Dir: David Bickerstaff | UK ART Doc
A private collection of modern art including works from Delacroix, Monet and Gauguin forms the subject of this latest documentary from David Bickerstaff, best known for bringing international art exhibitions to the big screen.
The Danish Collector: From Delacroix to Gauguin shows how a self made man and his savvy wife saved a treasure trove of priceless paintings from the ravages of war in Europe by transferring them to neutral Denmark.
Wilhelm Peter Henning Hansen (1868-1934) rose from modest beginnings to amass a fortune from the insurance business. At the age of 25 he bought his first painting, Monet’s ‘Waterloo Bridge’ (1903) exploring changing light and fog in the haze of industrial development, and by 1912 Hansen’s French realist and impressionist collection was well under way as he set out to acquire twelve works from each of his chosen artists mapping the development of Impressionism from its origins and early influences of Ingres and Delacroix. These included paintings by Sisley, Pisarro, Monet, Corot, Corbet and Renoir and works by female Impressionist painters Berthe Morisot and Eva Gonzales.
When war broke out in 1914 he capitalised on the conflict by sending the paintings to his wife Henny in Denmark where they were housed in a specially designed country house in Ordrupsgaard (near Copenhagen). He later joined a consortium of middle-class Danish collectors whose aim was to bring outstanding French art to Scandinavia during in a wave of Civic pride.
Accompanied by an occasional score of strings and more romantic vibes, Bickerstaff’s agile camera lingers over the detail – particularly lovely is Manet’s 1882 ‘Basket of Pears’ – as well as giving a broad-brush approach to the works in their various settings, interweaving informative on-screen interviews from relevant curators.
Eschewing a straightforward narrative the style here is to gather together the various specialists and then give them free rein to talk about their own research and insights. This gives the doc a random, freewheeling yet highly informative quality as the curators go off on their different tangents.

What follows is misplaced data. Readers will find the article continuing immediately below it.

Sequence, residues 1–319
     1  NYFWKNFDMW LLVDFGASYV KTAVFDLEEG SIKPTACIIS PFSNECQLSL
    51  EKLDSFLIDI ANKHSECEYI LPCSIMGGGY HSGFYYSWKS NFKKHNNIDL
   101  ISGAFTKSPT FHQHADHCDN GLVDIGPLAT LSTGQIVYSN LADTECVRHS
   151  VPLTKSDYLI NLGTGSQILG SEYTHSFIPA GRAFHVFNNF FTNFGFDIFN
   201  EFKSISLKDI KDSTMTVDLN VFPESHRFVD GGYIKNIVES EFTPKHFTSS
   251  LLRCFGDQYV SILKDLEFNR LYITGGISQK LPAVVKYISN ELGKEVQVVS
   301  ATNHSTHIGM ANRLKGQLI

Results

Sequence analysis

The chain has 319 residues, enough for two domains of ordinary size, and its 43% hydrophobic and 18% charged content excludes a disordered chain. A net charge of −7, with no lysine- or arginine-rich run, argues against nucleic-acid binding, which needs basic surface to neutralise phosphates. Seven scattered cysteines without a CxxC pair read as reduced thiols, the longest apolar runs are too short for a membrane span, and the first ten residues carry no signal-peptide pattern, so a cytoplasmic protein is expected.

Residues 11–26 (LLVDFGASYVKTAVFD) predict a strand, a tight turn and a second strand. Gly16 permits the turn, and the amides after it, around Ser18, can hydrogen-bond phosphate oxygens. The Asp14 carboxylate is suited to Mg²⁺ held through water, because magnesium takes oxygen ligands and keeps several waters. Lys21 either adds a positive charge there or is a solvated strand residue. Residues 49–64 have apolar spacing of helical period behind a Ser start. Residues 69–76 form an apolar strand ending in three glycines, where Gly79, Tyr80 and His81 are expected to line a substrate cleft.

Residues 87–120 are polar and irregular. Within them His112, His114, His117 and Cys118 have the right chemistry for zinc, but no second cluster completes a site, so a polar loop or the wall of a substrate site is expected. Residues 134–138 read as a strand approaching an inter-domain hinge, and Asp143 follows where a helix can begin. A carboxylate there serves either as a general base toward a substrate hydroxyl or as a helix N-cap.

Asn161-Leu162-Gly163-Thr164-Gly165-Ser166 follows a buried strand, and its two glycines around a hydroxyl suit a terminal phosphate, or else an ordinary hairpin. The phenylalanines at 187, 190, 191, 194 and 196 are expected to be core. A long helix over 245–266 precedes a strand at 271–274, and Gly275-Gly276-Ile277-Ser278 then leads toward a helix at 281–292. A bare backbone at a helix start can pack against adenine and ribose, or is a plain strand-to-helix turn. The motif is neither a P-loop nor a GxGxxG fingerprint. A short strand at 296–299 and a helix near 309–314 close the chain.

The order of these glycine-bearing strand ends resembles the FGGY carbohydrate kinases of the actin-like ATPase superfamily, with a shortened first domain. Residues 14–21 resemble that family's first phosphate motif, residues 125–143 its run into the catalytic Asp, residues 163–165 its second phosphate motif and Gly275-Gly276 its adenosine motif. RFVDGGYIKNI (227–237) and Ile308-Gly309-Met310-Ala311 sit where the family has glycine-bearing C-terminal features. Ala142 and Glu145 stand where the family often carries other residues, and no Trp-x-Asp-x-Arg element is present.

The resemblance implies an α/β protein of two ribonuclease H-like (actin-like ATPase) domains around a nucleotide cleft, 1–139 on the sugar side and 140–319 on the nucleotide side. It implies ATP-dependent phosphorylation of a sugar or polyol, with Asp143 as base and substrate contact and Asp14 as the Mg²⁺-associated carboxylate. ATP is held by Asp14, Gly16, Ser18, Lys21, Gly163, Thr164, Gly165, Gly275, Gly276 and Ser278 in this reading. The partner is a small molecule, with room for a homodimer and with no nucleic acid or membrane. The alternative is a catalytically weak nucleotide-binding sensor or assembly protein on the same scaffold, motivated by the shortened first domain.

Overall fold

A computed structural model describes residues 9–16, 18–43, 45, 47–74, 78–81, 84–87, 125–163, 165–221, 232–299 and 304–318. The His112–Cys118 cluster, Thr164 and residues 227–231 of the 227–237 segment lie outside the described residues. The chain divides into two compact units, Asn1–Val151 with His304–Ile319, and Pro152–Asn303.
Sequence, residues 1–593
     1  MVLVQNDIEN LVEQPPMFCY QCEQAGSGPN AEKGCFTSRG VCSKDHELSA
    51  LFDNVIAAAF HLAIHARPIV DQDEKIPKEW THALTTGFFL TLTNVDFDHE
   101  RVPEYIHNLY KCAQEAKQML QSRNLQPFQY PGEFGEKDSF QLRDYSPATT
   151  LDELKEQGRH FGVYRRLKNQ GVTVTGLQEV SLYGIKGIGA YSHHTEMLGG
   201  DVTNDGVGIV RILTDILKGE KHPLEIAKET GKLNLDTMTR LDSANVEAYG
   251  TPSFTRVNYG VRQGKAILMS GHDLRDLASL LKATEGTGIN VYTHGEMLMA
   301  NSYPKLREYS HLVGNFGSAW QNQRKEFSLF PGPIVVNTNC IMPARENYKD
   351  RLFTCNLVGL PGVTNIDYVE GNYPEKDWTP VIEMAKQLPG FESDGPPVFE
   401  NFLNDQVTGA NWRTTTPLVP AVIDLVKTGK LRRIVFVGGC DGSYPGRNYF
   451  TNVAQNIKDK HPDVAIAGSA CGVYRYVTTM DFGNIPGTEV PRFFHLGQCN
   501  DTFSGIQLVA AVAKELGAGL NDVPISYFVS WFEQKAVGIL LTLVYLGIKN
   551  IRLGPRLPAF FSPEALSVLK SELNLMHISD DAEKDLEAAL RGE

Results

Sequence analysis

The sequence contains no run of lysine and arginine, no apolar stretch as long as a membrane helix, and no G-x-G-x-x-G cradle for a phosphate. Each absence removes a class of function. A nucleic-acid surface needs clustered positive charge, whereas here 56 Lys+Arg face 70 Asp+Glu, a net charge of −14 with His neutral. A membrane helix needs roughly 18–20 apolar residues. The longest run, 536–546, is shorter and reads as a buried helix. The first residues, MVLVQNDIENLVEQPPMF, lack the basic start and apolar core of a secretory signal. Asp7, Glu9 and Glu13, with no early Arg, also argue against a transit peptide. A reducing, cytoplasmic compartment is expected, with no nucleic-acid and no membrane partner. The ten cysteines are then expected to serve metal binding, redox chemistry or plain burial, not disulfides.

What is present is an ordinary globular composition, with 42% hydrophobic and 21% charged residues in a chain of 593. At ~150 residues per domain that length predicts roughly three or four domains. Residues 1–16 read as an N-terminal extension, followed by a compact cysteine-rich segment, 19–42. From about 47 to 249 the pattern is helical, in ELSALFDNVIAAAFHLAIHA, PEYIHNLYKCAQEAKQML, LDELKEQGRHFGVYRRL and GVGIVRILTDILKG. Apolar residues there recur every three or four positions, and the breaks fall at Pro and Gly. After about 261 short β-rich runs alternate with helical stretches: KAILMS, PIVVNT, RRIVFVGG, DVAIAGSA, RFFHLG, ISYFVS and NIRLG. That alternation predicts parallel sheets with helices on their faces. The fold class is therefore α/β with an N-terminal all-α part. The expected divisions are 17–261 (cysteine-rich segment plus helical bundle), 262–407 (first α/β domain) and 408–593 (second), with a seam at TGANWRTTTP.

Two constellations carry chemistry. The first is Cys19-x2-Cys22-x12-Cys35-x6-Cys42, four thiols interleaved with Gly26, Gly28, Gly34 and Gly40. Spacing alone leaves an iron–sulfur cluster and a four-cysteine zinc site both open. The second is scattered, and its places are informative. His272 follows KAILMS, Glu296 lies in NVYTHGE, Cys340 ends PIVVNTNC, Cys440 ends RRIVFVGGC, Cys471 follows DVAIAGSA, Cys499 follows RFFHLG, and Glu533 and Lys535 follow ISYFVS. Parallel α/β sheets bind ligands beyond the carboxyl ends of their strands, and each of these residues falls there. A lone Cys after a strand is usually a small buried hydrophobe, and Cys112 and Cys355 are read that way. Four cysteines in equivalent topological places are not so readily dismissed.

After an intro from London’s Royal Academy chief Axel Ruger we swing into the gallery where Bickerstaff takes us on a fleeting tour of the exhibition, double hanging reflecting the way Hansen hung the pictures in his own home, whetting our appetite for what is to follow.
Anna Ferrari takes over telling us how Henny Hansen realised that the works acquired by her husband were becoming increasingly becoming valuable amongst collectors, and shipping them back to Denmark. The couple were particularly keen on Monet’s ‘garden’ period and Sisley’s landscapes paintings that mapped a journey down the Seine, with smoking chimneys charting the burgeoning industrial era, his ‘September Morning’ (1887) shows leaves tussling in the fresh breeze, with the sky dominating. The film travels from London to Paris, the cradle of the Belle Époque, with its experimental artist scene, and then on to Denmark where Ordupsgaard’s curator Anne Brigitte Fonsmark enlightens with a tour of the house and its specially designed Danish furniture complimented by flower arrangements gathered from the lavish gardens, and the recently added extension by the later Zaha Hadid.
Art historian Professor Frances Fowle makes the most impact with her amusing stories about the illustrious women Impressionist collectors namely the Welsh sisters Gwendoline and Margaret Davies who built up the country’s largest and most important series of French Impressionist and Post-Impressionist works in the 1920s and bequeathed it to the National Museum of Wales, and Kentucky philanthropist Berthe Palmer (and her husband Potter) whose collection now forms the core of the Art Institute of Chicago’s Impressionist collection. MT
NOW ON DVD